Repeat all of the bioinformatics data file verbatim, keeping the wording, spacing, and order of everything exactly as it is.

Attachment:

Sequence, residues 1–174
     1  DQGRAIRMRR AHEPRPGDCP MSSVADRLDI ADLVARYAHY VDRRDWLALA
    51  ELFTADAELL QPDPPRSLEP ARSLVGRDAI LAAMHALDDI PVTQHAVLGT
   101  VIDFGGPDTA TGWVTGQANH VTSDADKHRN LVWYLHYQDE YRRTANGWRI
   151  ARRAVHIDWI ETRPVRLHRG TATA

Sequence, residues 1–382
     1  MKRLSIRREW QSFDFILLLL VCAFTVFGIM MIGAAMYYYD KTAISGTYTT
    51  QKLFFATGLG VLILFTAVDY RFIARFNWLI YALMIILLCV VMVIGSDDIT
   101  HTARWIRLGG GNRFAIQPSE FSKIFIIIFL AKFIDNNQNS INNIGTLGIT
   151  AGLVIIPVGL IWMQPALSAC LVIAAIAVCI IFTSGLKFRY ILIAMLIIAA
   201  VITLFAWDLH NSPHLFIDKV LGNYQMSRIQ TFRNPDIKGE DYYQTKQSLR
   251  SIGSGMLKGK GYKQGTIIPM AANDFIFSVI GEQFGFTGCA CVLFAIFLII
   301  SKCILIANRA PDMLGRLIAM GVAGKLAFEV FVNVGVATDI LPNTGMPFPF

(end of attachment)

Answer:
Sequence, residues 1–174
     1  DQGRAIRMRR AHEPRPGDCP MSSVADRLDI ADLVARYAHY VDRRDWLALA
    51  ELFTADAELL QPDPPRSLEP ARSLVGRDAI LAAMHALDDI PVTQHAVLGT
   101  VIDFGGPDTA TGWVTGQANH VTSDADKHRN LVWYLHYQDE YRRTANGWRI
   151  ARRAVHIDWI ETRPVRLHRG TATA

Sequence, residues 1–382
     1  MKRLSIRREW QSFDFILLLL VCAFTVFGIM MIGAAMYYYD KTAISGTYTT
    51  QKLFFATGLG VLILFTAVDY RFIARFNWLI YALMIILLCV VMVIGSDDIT
   101  HTARWIRLGG GNRFAIQPSE FSKIFIIIFL AKFIDNNQNS INNIGTLGIT
   151  AGLVIIPVGL IWMQPALSAC LVIAAIAVCI IFTSGLKFRY ILIAMLIIAA
   201  VITLFAWDLH NSPHLFIDKV LGNYQMSRIQ TFRNPDIKGE DYYQTKQSLR
   251  SIGSGMLKGK GYKQGTIIPM AANDFIFSVI GEQFGFTGCA CVLFAIFLII
   301  SKCILIANRA PDMLGRLIAM GVAGKLAFEV FVNVGVATDI LPNTGMPFPF